Lawmakers might give happy hour advertising a shot

Posted at 2:02 PM, Feb 13, 2012
and last updated 2012-02-14 08:38:22-05
RICHMOND, Va. (WTVR)  – Virginia restaurants haven’t been able to advertise happy hour specials outside of their establishment walls since the 1980s when a bill was passed by the General Assembly. In late 2009, the Alcoholic Beverage Control board amended the bill and approved the posting of a 17″ by 22″ sign in the window of a restaurant.

Now some lawmakers said a new spirit could take over the state. As it stands now,  Virginia restaurants dare not speak easy about happy hour pricing on their social media sites, but it appears the new law will allow restaurants to give social media and online promotion a shot.

“This is just a simple measure so restaurants can move into the 21st century on a level playing field so we’re not losing business in Virginia compared to our neighboring states” said Delegate David Englin (D-45).

House Bill 470, which passed the House, would allow restaurants to post happy hour events online, with some limitations. Delegate David Albo, who introduced the legislation, said they specifically made sure that restaurants wouldn’t be able to send out email blasts.

“This only allows them to put the info on their website, and a website also includes social media,“said Albo.

Currenlty, use of social media falls under ABC regulation as electronic media.

Electronic media is defined by the ABC as, “any system involving the transfer of signs, signals, writing, images, sounds, data, or intelligence of any nature transmitted in whole or in part by a wire, radio, television, electromagnetic, photo-electronic, or photo-optical system, including, but not limited to, radio, television, electronic mail, and the Internet.”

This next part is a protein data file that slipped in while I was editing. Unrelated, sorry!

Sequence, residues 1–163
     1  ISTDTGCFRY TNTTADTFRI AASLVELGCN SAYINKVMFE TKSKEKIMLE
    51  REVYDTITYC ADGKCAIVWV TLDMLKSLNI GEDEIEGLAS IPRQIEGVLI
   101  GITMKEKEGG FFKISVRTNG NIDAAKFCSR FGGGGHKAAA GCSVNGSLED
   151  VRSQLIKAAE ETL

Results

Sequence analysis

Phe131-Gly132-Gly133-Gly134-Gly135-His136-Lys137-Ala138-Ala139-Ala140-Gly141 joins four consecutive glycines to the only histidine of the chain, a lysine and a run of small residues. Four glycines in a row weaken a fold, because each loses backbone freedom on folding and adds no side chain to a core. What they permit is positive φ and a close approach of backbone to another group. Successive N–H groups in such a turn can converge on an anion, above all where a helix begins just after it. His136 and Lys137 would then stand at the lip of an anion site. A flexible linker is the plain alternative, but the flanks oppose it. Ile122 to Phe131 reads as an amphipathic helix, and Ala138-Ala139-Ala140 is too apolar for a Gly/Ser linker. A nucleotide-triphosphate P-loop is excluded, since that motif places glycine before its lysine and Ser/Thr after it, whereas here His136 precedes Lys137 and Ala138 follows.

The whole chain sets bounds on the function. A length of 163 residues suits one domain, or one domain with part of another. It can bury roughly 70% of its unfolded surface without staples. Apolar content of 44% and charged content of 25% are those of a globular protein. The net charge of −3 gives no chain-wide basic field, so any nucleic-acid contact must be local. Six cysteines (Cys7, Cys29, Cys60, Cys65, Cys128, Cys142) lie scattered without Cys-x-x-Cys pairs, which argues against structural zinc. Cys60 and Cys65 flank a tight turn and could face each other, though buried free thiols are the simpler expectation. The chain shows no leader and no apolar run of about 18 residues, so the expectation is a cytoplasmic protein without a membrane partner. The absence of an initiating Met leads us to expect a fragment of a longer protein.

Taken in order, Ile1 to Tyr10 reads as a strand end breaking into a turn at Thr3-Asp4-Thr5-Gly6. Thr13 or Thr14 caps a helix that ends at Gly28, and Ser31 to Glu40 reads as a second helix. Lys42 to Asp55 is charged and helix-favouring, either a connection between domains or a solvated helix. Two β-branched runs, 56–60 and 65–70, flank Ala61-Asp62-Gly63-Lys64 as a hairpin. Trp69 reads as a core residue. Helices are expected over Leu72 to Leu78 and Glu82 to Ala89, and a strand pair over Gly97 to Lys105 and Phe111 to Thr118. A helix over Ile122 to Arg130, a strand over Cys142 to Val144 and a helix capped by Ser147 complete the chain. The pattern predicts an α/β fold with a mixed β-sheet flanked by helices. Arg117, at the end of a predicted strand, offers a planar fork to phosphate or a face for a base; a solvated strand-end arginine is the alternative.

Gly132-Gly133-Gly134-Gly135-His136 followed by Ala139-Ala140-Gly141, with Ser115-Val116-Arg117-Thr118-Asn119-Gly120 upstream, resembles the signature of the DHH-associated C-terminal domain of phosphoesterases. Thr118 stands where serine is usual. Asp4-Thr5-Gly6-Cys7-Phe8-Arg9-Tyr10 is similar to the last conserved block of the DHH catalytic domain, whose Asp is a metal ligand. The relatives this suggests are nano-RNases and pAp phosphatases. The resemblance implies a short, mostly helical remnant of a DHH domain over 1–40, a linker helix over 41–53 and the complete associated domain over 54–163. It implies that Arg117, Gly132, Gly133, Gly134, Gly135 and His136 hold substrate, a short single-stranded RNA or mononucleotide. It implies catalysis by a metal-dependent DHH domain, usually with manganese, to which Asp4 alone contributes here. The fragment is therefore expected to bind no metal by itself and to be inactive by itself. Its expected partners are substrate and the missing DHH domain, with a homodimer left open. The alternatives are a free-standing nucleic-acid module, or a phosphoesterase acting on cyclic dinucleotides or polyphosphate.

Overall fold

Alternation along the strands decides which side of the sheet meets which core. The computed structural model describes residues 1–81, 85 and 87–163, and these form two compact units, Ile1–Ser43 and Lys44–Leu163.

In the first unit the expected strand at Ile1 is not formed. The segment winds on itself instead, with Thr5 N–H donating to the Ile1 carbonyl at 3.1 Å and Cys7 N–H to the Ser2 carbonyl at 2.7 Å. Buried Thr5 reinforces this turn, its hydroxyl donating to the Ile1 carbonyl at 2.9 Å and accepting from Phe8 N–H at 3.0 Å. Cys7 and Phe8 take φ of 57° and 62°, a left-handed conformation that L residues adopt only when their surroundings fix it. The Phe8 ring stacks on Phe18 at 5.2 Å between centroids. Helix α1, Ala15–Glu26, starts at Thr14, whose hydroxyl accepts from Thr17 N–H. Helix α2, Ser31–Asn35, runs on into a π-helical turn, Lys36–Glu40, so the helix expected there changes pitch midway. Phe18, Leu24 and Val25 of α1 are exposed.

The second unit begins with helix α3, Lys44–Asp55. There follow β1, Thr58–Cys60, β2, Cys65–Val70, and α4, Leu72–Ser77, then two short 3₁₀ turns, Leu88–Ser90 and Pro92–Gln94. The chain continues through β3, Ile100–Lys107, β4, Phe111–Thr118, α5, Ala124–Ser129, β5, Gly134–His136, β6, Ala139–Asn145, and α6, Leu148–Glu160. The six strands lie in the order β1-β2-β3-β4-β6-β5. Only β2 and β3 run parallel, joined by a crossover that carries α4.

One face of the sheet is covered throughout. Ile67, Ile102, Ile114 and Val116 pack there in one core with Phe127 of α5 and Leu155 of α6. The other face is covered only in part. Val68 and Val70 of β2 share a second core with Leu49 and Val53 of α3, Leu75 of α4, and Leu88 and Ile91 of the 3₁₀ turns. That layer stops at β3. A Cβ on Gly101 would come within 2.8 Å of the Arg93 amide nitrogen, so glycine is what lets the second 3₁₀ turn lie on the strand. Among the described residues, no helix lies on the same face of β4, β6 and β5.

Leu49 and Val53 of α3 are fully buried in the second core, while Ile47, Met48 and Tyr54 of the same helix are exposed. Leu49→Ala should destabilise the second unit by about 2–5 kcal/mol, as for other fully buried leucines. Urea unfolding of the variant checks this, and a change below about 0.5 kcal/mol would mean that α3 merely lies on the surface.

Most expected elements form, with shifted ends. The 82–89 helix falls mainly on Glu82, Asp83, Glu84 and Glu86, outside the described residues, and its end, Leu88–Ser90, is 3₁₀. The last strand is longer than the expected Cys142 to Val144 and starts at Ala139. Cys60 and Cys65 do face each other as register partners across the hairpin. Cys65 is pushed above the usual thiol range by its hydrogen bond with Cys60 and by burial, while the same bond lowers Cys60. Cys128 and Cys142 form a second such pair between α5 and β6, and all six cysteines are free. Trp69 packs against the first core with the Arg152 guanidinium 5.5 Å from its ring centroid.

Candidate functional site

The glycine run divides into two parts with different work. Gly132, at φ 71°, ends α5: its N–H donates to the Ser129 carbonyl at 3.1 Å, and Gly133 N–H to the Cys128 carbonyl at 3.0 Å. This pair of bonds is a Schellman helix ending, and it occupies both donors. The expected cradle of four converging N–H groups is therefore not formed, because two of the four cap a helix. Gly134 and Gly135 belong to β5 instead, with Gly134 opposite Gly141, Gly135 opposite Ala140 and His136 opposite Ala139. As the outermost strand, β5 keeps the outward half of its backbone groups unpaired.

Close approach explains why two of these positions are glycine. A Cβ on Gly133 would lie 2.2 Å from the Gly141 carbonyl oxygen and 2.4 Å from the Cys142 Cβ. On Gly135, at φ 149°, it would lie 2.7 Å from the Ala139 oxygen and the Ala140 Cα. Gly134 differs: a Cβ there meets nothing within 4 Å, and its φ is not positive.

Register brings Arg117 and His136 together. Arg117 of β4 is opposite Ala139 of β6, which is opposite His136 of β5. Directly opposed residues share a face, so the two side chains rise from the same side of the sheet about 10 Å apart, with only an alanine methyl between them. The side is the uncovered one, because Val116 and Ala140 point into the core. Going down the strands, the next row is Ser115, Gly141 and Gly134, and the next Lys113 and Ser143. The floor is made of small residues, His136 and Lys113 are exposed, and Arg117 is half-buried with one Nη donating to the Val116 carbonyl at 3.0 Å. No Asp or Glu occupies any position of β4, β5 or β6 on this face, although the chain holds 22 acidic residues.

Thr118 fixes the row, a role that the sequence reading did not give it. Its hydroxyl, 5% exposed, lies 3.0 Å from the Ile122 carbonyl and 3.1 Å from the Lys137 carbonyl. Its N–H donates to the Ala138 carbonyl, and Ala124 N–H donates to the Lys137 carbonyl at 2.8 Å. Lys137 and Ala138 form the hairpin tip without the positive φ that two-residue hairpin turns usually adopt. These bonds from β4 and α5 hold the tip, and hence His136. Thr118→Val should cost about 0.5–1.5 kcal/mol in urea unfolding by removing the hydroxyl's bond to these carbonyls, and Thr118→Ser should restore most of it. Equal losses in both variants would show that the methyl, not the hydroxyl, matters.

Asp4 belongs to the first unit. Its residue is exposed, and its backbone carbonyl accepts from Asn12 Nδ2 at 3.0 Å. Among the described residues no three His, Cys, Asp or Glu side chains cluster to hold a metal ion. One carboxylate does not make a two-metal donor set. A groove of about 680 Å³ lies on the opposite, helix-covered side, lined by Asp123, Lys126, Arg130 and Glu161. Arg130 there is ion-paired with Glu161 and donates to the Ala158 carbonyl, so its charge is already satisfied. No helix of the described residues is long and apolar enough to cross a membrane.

As the law stands currently, a patron can directly call a restaurant to inquire about happy hour prices, and it is legal to relay that information over the phone. But, a restaurant cannot post the information on their own website that they pay to maintain and which a customer directly seeks out when they dial-up the url.

Some substance abuse coalitions, like S.A.F.E. or Substance Abuse Free Environment, have huge concerns about using electronic media to promote drink specials.

Executive Director Wayne Frith said that drunk driving is a concern because “When you think about happy hour, people get drunk in a short period of time.”

“We know that DUI’s go up and sexual assaults,” he said.

Daniel Fabian, who is the Coordinator of Alcohol and Substance Abuse at the University of Richmond, said this proposed bill will reel in the younger crowd that relies heavily on social media sites like Facebook and Twitter.

He said they aim to prevent underage drinking and address the issue of alcohol abuse.
“We don’t want anyone to die or be harmed because of the use of alcohol,” said Fabian.

In response to the criticism, Delegate Albo said “How would a young person [underage] be able to come to a restaurant after seeing happy hour specials on a social media site?”

Already it is a well-known fact that venues have happy hours, but that itself isn’t seen as an enticement for underage drinking. It’s the promotion that is feared.

“The problem is people perceive the bill does more than it does,” said Albo. “They read happy hour, advertising and social media and they don’t read the bill.”

Some college students said they hope people will keep an open mind about the bill.

“I also think people have a right to advertise what they’re selling” said Reece Chalkley.

“Honestly, if someone wants a drink, they’ll go get one,” said Daniel Wright. “Companies should be able to advertise and I think it’s fair to advertise better prices…so consumers can get what they deserve.”

The measure now heads to the Senate. Frith said his organization plans to fight this every step of the way and said they’ll encourage parents to join them in speaking out about House Bill 470.

Read the full bill here:

The bill went to the Senate today, who referred it to the Committee on Rehabilitation and Social Services.